But he points out that that was only a 30-minute shoot. If he made a curated half-day or full-day shoot with several models then he could easily add a couple of hundred quality images to his portfolio of stock. I assume the models are being compensated for their time. The second point he makes is that these images have no sell-by date (aside from changing trends and fashions) and they will potentially be earning money for as long as he’s a photographer.

Between Daniel and Rachel (they are a married couple), they have 1045 images uploaded to the site, and during 2020 when many event-based photographers had a less than great year, Mango Street fared OK and it made the difference to them being able to stay afloat during what was frankly a bit of a pants year. For the whole of 2020, they earned around $5,000 from stock photography, which Daniel says is a pretty average yearly amount for them.

So what kind of photos sell the best? The couple’s number one best selling image is an environmental portrait of a couple of laughing baristas in a coffee shop. They did the shoot for free but gave the business licence to use the photos for their own promotional purposes in return for them selling them as stock images with model and property releases. That one single image has sold 37 times and made them a total so far of $1,353.13. That’s probably more than a local independent coffee shop would have been able to pay for a promo shoot.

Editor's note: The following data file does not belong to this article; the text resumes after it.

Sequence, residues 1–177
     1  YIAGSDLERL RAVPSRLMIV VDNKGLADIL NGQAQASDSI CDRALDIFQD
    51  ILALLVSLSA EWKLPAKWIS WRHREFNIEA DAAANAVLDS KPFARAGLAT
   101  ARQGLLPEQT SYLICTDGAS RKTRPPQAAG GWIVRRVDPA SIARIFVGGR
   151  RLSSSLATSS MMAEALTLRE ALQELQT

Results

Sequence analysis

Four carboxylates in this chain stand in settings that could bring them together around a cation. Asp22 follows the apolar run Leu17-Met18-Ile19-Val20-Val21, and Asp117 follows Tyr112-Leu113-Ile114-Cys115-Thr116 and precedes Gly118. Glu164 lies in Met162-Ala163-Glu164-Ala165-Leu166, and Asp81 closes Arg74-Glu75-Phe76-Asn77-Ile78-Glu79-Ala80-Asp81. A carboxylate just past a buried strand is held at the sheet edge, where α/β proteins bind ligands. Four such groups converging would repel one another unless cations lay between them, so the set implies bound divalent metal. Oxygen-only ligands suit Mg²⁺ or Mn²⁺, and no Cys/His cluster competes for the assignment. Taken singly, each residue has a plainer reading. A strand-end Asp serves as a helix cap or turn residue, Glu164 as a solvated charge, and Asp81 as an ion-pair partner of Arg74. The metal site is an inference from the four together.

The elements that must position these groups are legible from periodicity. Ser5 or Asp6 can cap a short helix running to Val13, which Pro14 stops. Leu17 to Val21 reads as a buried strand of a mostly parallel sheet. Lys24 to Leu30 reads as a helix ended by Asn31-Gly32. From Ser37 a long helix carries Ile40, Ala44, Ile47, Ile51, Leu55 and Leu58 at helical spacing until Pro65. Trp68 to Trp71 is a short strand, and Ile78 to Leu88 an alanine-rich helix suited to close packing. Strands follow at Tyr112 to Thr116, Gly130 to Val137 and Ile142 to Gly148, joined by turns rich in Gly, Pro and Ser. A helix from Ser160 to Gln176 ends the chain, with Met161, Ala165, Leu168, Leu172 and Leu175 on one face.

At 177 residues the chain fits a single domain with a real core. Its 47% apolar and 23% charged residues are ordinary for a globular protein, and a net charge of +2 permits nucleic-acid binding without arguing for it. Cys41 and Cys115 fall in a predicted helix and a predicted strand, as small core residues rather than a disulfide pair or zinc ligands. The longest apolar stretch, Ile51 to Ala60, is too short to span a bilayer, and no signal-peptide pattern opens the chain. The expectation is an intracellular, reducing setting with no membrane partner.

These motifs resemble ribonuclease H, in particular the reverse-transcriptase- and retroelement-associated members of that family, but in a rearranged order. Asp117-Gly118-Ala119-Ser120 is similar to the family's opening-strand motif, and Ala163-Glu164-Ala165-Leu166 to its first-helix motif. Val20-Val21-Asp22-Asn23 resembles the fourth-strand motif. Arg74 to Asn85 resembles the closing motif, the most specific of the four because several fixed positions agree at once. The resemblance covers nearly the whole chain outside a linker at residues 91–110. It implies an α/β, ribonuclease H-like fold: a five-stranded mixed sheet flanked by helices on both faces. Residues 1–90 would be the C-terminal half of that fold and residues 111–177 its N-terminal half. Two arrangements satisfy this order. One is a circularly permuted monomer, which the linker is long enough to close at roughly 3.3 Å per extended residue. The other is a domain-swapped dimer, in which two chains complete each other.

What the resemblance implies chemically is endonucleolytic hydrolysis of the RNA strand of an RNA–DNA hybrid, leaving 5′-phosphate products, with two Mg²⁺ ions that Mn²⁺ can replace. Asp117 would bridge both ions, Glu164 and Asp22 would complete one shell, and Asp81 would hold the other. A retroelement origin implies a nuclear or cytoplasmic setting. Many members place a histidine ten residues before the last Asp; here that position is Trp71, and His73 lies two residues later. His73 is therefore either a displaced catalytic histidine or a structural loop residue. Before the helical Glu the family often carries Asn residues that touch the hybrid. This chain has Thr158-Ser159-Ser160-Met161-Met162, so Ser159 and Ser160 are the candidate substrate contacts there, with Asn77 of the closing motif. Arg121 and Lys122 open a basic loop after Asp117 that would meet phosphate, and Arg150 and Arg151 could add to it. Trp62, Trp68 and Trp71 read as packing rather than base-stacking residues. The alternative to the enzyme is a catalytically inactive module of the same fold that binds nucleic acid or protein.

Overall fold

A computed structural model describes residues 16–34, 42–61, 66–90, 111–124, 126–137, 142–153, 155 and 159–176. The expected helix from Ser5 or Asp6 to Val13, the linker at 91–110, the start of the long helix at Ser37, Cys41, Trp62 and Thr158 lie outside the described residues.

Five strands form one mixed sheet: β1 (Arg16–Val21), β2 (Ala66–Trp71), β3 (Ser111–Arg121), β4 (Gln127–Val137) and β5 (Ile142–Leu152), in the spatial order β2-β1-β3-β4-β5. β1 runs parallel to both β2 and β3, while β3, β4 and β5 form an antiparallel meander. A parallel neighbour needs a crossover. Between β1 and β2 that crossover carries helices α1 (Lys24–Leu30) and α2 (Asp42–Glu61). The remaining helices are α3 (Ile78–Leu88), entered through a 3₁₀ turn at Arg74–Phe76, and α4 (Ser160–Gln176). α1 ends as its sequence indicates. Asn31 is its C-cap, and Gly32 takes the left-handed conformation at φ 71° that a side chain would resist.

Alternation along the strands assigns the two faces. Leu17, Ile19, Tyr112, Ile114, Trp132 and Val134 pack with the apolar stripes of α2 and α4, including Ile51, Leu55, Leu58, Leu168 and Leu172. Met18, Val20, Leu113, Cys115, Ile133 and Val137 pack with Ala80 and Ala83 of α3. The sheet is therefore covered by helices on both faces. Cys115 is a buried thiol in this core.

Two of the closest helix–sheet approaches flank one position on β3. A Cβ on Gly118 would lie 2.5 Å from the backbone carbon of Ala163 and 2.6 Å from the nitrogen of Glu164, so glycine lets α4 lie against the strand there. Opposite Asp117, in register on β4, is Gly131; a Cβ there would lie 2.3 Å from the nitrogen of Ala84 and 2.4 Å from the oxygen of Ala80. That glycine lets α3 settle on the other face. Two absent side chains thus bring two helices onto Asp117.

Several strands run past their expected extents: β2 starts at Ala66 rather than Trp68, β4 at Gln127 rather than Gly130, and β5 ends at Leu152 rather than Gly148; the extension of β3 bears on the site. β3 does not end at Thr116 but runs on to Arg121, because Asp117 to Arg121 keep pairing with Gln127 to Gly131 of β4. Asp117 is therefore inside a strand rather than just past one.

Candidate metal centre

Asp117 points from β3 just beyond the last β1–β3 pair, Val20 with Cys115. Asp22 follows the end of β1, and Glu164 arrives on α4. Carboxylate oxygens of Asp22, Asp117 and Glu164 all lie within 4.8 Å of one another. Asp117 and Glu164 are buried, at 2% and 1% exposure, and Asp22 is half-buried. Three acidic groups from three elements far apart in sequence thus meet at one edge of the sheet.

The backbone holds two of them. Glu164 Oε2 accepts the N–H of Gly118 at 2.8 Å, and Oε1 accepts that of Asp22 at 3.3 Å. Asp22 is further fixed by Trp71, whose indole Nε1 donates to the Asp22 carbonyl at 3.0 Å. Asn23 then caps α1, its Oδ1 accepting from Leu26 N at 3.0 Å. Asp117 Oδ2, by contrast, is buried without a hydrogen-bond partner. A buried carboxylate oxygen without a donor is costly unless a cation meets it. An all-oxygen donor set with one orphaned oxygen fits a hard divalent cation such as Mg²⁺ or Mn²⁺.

The next most popular subject is their dog, a wrinkly cute bulldog called Carlton who in just 2 images has earned around $1700. He does tick all the boxes for millennial dog owners and is obviously an easily accessible thing to photograph. If you have pets, that would be an ideal and popular subject with a little creativity. And unlike regular models, they accept payment in biscuits. In total all the many dog images have brought in around $5,000. That’s a lot of dog biscuits.